Considering the recent spread of the Omicron variant, hundreds of soldiers have been sent door-to-door to test civilians who had returned to Israel from African countries, where the Omicron variant first appeared. The HFC also has been tasked with the mission of coordinating vaccination campaigns in schools and vaccination sites in local authorities, to make the vaccines as accessible as possible to the Israeli public.

The IDF’s extensive involvement in the national response to COVID-19 caused many to demand that the government limit the IDF’s role, due to several concerns. Some fear that this involvement could undermine the delicate balance of military–social relations in Israel.

In July 2020, when it became apparent that the Ministry of Health was unable to operate an effective system of epidemiological investigations, the HFC was charged with the task and established the “Alon” (Oak) Coronavirus Command Center, as well as the “Ella” (Terebinth) Unit. The latter uses a special digital system, developed by the IDF’s SIGINT Agency, Unit 8200, and the Cyber Defense Directorate. During 2021 these units performed 706,271 investigations, carried out 13,540,000 PCR tests, and operated 28 hotels for quarantine purposes. In no other democracy have the armed forces been tasked with similar missions.[2]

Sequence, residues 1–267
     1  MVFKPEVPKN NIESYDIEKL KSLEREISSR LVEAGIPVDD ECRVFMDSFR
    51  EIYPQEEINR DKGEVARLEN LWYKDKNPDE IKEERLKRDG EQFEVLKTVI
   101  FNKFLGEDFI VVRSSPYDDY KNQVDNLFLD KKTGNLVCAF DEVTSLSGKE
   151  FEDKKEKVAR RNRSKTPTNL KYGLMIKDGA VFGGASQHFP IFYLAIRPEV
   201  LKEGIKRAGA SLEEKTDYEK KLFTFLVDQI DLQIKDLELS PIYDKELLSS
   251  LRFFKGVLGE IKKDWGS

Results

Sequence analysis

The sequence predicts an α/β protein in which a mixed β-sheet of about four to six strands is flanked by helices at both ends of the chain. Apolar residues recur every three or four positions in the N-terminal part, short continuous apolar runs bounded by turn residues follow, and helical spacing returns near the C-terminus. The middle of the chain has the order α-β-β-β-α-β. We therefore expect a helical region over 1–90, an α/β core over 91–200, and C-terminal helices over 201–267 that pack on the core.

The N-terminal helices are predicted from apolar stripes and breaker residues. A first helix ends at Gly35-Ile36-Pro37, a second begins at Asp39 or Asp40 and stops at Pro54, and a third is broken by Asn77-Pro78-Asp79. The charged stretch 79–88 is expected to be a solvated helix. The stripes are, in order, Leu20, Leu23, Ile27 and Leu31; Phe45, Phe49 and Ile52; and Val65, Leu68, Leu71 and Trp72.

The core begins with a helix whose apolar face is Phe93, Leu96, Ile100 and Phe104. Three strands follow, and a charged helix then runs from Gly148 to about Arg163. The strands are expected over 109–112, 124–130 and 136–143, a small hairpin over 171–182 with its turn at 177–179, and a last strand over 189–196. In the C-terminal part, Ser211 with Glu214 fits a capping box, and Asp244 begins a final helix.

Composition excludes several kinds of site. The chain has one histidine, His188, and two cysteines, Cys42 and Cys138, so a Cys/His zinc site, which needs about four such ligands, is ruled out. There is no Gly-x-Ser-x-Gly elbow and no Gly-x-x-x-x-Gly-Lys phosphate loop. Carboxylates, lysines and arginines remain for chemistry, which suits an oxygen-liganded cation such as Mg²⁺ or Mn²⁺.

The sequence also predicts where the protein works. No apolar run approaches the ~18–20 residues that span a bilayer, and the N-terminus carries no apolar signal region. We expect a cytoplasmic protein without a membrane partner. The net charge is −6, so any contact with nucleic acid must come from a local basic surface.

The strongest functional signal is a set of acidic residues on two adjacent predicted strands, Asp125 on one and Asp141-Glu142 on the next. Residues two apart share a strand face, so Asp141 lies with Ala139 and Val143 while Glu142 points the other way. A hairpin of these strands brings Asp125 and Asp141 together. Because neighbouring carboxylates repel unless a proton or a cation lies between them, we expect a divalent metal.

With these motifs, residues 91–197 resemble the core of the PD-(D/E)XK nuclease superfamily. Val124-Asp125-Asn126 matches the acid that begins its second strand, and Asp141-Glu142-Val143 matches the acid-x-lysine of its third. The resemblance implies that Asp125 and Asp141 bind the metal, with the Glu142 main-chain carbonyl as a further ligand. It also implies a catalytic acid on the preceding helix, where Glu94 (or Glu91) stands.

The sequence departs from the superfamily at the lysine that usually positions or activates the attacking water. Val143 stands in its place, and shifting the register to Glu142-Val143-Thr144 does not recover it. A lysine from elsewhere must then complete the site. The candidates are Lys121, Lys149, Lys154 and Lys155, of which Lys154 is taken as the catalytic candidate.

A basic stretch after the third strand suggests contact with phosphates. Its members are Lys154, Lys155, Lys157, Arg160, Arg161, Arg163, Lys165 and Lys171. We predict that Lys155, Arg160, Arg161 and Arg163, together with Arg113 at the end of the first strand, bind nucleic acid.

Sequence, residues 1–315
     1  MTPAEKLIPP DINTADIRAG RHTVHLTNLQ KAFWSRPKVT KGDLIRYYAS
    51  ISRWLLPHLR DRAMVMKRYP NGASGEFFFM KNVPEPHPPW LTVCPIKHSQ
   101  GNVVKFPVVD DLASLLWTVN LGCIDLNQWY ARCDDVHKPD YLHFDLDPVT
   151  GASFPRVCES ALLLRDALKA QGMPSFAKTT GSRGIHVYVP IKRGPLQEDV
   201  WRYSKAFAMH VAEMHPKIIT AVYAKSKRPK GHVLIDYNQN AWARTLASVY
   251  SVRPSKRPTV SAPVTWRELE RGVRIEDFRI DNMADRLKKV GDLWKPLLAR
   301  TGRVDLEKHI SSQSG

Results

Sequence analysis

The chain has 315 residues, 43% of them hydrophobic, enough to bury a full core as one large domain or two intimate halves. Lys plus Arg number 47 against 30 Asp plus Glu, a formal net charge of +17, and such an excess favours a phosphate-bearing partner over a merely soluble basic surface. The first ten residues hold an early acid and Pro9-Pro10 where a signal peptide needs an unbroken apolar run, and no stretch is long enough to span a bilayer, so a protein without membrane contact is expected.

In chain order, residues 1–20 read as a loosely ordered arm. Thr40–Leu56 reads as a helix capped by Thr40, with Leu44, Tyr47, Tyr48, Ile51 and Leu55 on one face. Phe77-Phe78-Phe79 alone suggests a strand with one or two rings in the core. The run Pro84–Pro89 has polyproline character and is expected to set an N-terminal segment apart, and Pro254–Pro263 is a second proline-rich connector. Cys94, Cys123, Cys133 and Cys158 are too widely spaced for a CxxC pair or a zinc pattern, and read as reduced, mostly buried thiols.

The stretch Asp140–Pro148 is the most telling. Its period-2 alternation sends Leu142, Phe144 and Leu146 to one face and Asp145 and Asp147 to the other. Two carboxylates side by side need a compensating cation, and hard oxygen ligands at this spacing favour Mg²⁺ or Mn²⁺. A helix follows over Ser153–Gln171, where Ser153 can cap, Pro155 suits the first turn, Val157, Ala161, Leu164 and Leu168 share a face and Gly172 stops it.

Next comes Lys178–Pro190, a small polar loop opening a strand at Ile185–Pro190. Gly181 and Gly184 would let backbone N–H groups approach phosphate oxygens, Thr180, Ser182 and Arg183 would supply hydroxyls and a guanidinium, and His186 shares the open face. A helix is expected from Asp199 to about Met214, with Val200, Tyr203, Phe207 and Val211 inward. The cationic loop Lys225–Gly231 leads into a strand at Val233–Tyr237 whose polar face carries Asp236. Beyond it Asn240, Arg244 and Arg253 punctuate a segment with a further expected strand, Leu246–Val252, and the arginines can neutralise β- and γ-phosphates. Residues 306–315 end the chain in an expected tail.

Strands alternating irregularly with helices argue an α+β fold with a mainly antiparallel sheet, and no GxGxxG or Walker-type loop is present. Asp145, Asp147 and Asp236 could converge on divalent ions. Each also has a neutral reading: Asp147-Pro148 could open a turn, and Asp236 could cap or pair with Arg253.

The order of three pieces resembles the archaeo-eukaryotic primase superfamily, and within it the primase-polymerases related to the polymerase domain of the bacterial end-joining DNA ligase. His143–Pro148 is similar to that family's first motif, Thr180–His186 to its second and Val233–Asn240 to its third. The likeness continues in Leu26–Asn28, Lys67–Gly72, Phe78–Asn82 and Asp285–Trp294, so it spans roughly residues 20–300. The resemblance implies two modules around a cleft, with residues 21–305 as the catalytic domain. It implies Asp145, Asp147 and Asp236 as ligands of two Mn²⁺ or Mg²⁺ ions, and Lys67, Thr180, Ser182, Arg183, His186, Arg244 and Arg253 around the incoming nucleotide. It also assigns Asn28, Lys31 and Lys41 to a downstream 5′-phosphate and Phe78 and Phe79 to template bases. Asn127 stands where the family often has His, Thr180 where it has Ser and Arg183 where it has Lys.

The involvement of the Directorate of Military Intelligence (DMI) in the COVID-19 crisis was multidimensional and controversial. Its technological unit created an information management software for the coronavirus testing labs and conducted epidemiological analysis of COVID-19 patients to determine hotspots of where the infection spread in order to help the local authorities focus their efforts in preventing the disease from spreading in their vicinity.

Additionally, the DMI established the National Information and Knowledge Center for the Fight against COVID-19. The central task of the center is to analyze the spread of the virus and identify risks and opportunities, in addition to providing governmental organizations with data analysis, global information, and recommendations to assist policy formulation.

The DMI’s secret units were also called to support the crisis response. At the beginning of the crisis, the General Staff Reconnaissance Unit (Sayeret Matkal)—Israel’s most prominent special forces unit—was called upon to deliver samples taken from testing locations to the laboratories certified to carry out the tests at the beginning of the crisis. The technological unit of DMI, known as Unit 81, was responsible for designing sophisticated gadgets, such as monitors for remote control operations, personal protection gear, and designated ambulances.

IDF Coronavirus Task Force in Israel. Photo credit: IDF Spokesperson's Unit
IDF Coronavirus Task Force in Israel. Photo credit: IDF Spokesperson’s Unit

The Mission is Far From Accomplished